Silent-Yachts has announced plans to develop a solar-powered electric yacht designed by car brand Cupra and powered by an innovative motor from Volkswagen. The three-way collaboration brings the shipping and automotive industries together in the name of supercharging sustainable transport technology.
The new solar electric catamaran is the latest project from Silent-Yachts, which is leading the way in the development of noiseless maritime navigation. The electric propulsion system, powered by state-of-the-art solar panels, allows for a theoretical unlimited zero-emissions cruising range.
Cupra, a Spanish automotive brand, will bring its expertise to the design process by adding a contemporary and sporty edge to the new catamaran. The result will be a vessel that offers as much luxury as eco-friendliness.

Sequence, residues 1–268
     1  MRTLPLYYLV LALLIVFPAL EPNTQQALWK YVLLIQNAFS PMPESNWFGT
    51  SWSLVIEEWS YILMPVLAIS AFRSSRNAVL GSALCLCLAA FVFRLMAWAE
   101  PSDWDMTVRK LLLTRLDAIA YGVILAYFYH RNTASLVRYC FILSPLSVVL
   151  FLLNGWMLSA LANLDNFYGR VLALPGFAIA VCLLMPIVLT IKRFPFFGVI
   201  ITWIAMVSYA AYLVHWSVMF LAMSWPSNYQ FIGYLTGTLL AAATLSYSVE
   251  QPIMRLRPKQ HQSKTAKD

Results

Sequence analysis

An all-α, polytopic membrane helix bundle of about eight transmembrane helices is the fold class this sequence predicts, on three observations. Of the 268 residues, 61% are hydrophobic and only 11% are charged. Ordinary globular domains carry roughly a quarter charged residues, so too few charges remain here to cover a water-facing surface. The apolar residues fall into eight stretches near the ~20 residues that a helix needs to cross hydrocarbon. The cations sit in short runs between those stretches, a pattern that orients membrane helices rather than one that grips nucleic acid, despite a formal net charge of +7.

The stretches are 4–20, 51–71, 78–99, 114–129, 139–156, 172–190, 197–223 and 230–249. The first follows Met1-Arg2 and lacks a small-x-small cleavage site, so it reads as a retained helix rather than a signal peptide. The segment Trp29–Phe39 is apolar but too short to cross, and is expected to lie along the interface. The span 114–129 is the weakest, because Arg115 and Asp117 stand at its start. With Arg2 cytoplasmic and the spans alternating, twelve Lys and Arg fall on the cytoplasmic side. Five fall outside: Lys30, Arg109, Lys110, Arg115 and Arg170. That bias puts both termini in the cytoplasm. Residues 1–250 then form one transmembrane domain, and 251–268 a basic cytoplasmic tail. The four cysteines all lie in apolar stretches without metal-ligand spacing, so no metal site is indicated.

The electric yacht will be powered by one of the world’s best modular electric drive matrixes (MEB) from Volkswagen. The German company has made huge leaps and bounds in its electric technology in recent years and now counts itself as one of the leading authorities in the field. Volkswagen opened up its MEB technology for third parties, allowing Silent-Yachts to incorporate it into its own models.
“I’m happy to cooperate with our partners on this exciting new project,” said Michael Kohler, founder and CEO of Silent-Yahts. “Volkswagen Group is one of the most advanced players on the electric cars market and I am sure together we can make something really special on the water.”
Silent-Yachts is an industry-leader in solar-powered oceangoing catamaran yachts and is helping to drive the efforts to make a traditionally dirty industry sustainable. Yachts generally use large amounts of fuel and the industry as a whole is recognizing its contribution to the climate crisis.
As well as the eco-credentials, a solar-powered yacht comes with added benefits. For one, there is no noise or vibration from the generator, making for a more comfortable and immersive experience on the water. The drive system is also far easier to maintain and safer than fuel-dependent propulsion systems.